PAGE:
Ask Your Preacher
THE NEW TESTAMENT CHURCH
In my area, there are churches that have a Wednesday night service. Where is this in the Bible? Acts 2:46 seems to suggest the early christians met everyday. Does you congregation meet everyday?
Our congregation doesn’t meet every day, but we do have classes throughout the week. The Bible only mandates that the church meet on Sundays to take the Lord’s Supper (Acts 20:7) and make their contribution to the work of the church (1 Cor 16:1-2). Don’t get us wrong; the church is also told to pray together (Acts 12:5), study together (Acts 2:42), and sing together (Col 3:16)… but we can do those things whenever we want. The church is told to make a habit of meeting together (Heb 10:25), but every day isn’t a requirement. Wednesday classes are one way that congregations attempt to keep that routine and habit of meeting.
What scriptures can we look at to show us that pastors, elders, and bishops have all the same meanings and duties?
Dear Name Nomenclature,
Pastors, elders, and bishops are all referring to the same job in the church. We see this by looking at multiple passages that show that these titles are used interchangeably. Tit 1:5-7 uses the terms ‘elder’ and ‘bishop’ as synonyms. Acts 20:28 refers to bishops shepherding the local church (the word ‘pastor’ means ‘shepherd’). 1 Pet 5:1-3 also refers to elders as those who pastor/shepherd the church. When you see that these three terms (pastor, elder, and bishop) are all used interchangeably, it means they are synonyms.
Hi, I have a question about leaving our church. We have attended this church for almost four years. The whole time we have been at this church, there have been various problems caused by one person (the Pastor's daughter). She continuously acts in ways opposite of the Bible; she gossips about people to others in our church and then turns around and acts as if she loves the person. In the last four years, she has consistently changed for the worse. She dresses in ways that can make a brother stumble. During this time, her dad and mom (Pastor and Pastor's wife) have lowered their standards and changed their views on many things because of their daughter. My husband and I (and many others) have gone to the Pastor on several occasions concerning issues we have had with his daughter. All of these times, the blame has been turned around on the person coming to the Pastor. There seems to be a pull to this woman, almost like a spirit. It affects our children and women. We have tried to stick it out in this church, but it is really hindering our children and us. There are other issues as well, but this is the main issue. There has never been anything done openly to address this sin; wouldn't this be overdue? I really want to do what God wants, but this is really affecting our family and many other families in our church. The situation is hard to explain and hard for you to get the complete feel of if you’re not in it, so I hope I have explained it well enough. I am looking for Scripture and advice. Thank you.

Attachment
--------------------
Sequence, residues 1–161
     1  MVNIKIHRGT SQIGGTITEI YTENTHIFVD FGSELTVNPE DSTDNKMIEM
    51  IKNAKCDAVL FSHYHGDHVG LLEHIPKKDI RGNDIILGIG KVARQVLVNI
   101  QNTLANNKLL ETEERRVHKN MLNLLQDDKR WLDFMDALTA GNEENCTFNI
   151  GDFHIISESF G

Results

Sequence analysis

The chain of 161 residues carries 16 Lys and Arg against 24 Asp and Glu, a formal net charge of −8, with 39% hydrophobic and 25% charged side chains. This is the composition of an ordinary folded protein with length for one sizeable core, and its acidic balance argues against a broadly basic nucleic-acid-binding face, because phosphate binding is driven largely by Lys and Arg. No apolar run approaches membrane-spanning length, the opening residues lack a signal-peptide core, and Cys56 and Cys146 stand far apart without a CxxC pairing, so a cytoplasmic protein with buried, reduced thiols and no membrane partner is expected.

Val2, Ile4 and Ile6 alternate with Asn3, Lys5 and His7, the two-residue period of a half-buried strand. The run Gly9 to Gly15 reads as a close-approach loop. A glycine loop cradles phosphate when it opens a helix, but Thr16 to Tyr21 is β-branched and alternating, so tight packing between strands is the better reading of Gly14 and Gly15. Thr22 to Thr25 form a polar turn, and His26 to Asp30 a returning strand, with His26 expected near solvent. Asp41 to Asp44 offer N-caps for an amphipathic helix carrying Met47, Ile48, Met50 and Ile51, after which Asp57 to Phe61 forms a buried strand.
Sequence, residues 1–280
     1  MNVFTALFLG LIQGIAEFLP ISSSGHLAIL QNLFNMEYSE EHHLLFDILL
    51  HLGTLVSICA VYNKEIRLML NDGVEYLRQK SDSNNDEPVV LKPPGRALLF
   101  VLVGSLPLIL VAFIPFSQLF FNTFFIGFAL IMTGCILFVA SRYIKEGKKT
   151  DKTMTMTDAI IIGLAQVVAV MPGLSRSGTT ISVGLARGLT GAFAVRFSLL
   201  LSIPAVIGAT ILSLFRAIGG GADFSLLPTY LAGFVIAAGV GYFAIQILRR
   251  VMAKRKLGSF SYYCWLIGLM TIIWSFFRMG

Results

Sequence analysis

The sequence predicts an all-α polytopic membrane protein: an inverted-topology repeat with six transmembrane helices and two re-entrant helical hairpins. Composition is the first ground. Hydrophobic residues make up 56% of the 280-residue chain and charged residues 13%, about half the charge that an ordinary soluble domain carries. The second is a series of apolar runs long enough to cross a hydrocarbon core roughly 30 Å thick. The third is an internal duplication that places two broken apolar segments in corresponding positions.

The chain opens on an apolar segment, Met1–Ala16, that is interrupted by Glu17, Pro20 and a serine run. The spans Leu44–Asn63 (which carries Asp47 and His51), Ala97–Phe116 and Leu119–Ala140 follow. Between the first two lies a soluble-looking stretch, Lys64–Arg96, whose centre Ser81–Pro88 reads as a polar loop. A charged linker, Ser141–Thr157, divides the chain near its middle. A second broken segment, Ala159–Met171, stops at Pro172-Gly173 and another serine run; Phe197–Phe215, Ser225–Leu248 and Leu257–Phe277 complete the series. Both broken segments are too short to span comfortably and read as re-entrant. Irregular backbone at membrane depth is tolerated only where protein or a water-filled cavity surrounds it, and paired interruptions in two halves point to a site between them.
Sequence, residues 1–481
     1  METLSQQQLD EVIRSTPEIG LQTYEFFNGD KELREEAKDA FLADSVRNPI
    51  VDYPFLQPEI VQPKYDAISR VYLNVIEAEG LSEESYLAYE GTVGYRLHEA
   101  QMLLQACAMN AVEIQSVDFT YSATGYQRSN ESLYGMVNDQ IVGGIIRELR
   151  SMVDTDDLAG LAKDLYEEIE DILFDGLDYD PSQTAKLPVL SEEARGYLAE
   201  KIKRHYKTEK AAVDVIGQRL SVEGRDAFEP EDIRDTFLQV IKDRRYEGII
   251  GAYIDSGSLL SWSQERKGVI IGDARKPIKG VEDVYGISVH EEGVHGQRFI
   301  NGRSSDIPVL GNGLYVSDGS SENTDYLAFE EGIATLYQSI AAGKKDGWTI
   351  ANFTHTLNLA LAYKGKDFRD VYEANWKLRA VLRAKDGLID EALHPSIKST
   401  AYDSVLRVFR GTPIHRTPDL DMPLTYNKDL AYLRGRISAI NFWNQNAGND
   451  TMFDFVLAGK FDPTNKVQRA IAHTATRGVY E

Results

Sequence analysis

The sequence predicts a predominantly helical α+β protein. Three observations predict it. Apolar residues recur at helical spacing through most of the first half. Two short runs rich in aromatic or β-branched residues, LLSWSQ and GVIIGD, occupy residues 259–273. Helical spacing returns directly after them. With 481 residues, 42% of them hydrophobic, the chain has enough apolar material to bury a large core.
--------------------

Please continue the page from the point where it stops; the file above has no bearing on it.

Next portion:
When To Leave?
Dear When To Leave,
I have no doubt that we aren't clearly seeing the total picture from what you have described, but truthfully, we don't have to. It is always more important to care for your own spiritual health than to remain with a church (Php 2:12). In the end, your family's spiritual health must come first. This congregation is not helping you grow, and your souls are more important. One of the issues you are facing is simply the fact that the congregation is led by a single pastor – the Bible teaches that congregations should have multiple elders guiding the church. A multiplicity of pastors avoids situations like this where one man's blindness leads to strife and destruction. Read "Pastors" for specific verses on that issue.
For the sake of your family, you should look for a church that is trying to follow the New Testament pattern as closely as possible. A congregation doesn’t need to be full of perfect people, but they need to be trying to faithfully follow God’s Word and not their own ideologies. The following are a few markers of what you should find in every church that is faithful to Christ’s Word:
- Their name should be Biblical. Church of Christ (Rom 16:16), the church (Acts 14:27), church of God (1 Cor 1:2), the Way (Acts 24:14) – all of these are Biblical names given to a local congregation. Having the right name on the front of the building doesn’t mean they are the right church, but if they can’t even get their name from the Bible, they probably aren’t worth wasting your time on.
- Their doctrine should be a copy of the New Testament (Acts 2:42). Any creeds, ‘statements of faith’, articles of belief, manuals, or handbooks are from man and not from God. You want a congregation that uses the Bible to decide their practices.
- They are autonomous. Every congregation of the New Testament had independence. Only local elders were over them (1 Pet 5:1-2, Acts 14:23).They were bound to follow Christ as their only head (Eph 5:23). No boards or committees, no headquarters in some other state, no popes or potentates – what you are looking for is a local body of believers which is accountable to Christ and His Word.